The fat-shamed walrus who didn’t bark

Online bullying is a well-honed tactic for far-left activists: microscopic cliques like Sleeping Giants Bullies create dozens of social media “sockpuppet” accounts in order to overwhelm businesses with what appears to be a tidal-wave of public opprobrium. Lazy journalists whose idea of “research” is scrolling through their Twitter feed are happily bamboozled into what they delude themselves is “public opinion”.

What’s even worse is when journalists actively fabricate supposed social media “outrage”.

Freddie Burns, a British professional rugby player, was accused of “fat shaming” a walrus after posting a viral video to social media Monday of the captive animal doing “sit-ups.”

“Just under 2 weeks till the start of pre season #nobodypanic,” tweeted the English Rugby Union player, who stars for Bath and the English national team, in a caption accompanying the clip.

Wow, sounds like just the sort of venomous social media “outrage” mob that we see too much of, these days. Except…

The joke didn’t go over well with at least one commenter on social media, who took Burns to task for making light of “animal cruelty…Firstly I’m sure you are no where near walrus proportions and secondly using a video of a captive animal that is being made to complete unnatural actions is a bit shit,” the commenter wrote. “Despite how much your own ‘fat’ shaming might be funny, animal cruelty isn’t!”

“At least one,” in fact turns out to be precisely two. Of all the responses to the tweet, just two criticised it.

The user’s remark was subjected to the infamous “ratio.” Although nine other humans “liked” Burns’ post in an apparent indication of their agreement, most of the 50 replies were critical.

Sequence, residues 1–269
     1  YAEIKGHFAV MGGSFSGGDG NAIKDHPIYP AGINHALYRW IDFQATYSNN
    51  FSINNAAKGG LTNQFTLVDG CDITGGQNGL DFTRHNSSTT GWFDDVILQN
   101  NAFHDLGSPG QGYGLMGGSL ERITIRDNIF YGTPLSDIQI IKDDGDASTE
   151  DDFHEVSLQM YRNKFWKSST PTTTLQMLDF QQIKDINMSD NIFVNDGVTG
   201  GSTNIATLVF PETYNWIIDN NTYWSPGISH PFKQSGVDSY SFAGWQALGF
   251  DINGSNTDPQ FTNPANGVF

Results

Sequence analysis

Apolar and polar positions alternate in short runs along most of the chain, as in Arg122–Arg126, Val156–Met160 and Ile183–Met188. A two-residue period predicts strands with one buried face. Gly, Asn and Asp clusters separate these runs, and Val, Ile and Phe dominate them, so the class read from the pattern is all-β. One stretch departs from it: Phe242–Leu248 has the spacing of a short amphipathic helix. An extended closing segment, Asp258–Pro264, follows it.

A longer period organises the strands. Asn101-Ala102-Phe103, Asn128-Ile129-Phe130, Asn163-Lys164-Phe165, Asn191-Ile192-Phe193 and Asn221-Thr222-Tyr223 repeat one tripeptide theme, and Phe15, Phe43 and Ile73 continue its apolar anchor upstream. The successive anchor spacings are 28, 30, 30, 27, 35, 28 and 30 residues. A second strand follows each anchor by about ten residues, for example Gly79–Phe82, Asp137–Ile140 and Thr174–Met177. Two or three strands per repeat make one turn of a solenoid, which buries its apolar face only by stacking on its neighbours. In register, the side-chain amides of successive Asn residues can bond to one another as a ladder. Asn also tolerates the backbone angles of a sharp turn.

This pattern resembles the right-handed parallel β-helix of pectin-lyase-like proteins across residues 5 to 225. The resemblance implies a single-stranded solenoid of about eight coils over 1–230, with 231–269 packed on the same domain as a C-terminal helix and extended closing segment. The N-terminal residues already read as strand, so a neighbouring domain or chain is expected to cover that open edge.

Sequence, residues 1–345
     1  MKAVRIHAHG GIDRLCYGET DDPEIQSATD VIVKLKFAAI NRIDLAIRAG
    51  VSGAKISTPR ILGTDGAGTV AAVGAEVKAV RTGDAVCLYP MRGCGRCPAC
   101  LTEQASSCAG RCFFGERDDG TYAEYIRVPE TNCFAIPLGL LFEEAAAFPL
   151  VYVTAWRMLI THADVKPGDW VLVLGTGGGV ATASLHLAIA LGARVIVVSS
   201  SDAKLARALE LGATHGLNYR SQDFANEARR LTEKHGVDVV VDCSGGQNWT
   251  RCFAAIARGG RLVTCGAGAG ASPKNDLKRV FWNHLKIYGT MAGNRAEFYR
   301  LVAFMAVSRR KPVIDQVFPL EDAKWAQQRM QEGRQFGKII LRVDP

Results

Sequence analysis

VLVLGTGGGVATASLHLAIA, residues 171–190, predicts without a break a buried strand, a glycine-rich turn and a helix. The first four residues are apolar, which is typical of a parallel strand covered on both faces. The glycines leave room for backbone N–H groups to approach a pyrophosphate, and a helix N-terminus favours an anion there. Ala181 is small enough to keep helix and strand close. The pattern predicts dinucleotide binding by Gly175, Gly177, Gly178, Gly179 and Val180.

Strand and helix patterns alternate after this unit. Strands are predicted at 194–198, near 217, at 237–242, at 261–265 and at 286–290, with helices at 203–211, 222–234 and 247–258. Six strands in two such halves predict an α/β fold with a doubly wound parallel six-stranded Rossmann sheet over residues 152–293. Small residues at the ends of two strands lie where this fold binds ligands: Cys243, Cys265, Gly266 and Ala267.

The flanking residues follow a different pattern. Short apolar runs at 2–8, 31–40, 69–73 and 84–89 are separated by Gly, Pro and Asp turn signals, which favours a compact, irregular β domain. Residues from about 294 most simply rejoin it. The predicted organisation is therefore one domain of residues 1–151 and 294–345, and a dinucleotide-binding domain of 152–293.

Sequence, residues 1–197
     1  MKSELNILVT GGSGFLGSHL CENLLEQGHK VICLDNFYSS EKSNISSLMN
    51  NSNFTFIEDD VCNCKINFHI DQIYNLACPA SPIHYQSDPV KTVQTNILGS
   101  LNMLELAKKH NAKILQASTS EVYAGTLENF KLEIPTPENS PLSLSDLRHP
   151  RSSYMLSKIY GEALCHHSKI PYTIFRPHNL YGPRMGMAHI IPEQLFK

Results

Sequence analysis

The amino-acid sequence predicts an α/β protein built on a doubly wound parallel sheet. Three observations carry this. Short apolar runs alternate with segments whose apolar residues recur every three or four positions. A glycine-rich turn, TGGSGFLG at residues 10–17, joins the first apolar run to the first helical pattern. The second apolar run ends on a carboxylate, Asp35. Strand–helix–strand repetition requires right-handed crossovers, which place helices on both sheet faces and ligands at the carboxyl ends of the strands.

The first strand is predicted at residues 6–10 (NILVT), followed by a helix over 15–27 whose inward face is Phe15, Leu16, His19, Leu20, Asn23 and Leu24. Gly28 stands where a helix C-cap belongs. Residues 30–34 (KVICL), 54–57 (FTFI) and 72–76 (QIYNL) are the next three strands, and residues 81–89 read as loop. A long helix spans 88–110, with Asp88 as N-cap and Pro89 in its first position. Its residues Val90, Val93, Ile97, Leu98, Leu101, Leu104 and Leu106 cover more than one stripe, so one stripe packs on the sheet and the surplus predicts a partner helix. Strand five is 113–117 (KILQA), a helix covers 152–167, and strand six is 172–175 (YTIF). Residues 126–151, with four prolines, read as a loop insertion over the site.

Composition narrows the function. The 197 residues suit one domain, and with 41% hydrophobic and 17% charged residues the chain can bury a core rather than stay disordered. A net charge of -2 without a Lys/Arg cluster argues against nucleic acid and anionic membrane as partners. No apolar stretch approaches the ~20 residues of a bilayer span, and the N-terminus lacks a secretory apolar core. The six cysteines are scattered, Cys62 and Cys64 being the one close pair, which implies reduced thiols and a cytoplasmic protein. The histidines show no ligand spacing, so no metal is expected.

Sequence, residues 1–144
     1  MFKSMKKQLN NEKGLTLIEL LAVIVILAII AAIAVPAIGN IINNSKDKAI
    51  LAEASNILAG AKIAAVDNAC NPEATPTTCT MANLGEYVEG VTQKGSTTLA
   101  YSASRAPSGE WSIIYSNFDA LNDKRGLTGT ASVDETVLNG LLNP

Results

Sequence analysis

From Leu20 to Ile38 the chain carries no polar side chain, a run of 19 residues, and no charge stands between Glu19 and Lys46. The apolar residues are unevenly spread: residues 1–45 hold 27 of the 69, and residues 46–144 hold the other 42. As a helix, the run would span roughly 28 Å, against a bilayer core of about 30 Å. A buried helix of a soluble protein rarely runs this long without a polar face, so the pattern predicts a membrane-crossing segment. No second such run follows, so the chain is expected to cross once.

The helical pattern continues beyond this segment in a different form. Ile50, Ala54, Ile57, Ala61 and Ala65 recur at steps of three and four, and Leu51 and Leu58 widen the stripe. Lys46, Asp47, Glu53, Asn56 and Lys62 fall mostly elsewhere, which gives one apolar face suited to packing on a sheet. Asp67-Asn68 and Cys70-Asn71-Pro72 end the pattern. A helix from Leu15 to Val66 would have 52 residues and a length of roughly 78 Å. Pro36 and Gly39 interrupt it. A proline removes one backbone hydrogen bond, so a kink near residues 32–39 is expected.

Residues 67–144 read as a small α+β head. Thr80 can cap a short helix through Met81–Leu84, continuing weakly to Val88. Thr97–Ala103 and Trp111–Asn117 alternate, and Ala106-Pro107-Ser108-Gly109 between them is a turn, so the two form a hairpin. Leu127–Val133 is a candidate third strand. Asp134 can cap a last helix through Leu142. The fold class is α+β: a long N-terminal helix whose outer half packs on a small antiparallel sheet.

Many critics have lately complained of an increase in cultural oversensitivity and policing of language. They argue that progressives’ apparent quest to scrub all vestiges of un-woke ideology or “offensive” language from the culture has made comedy a minefield, especially on platforms like Twitter, where the threat of getting “cancelled” is always imminent.


While this is true, it’s even more important that media not join in and go fishing for stuff they can beat up to ridiculous proportions.

Late last year, the American media went into hyperdrive about a non-existent “conservative backlash” against a leaked, ancient video of new congresswoman Alexandria Ocasio-Cortez doing a silly dance as a high schooler. Whaleoil has also reported on how the supposed “outrage” over Burger King’s Vietnamese ad was a complete beat up by legacy media vultures. In this case, the worst “shaming” came from the media, who not only bullied Burger King into a grovelling apology, but heaped “backlash” on a small-time Twitter user whose single brainfart was turned into a hypocritical crusade.

The problem of culture-war astroturfing is bad enough without the legacy media fishing for fake news to turn into click-bait.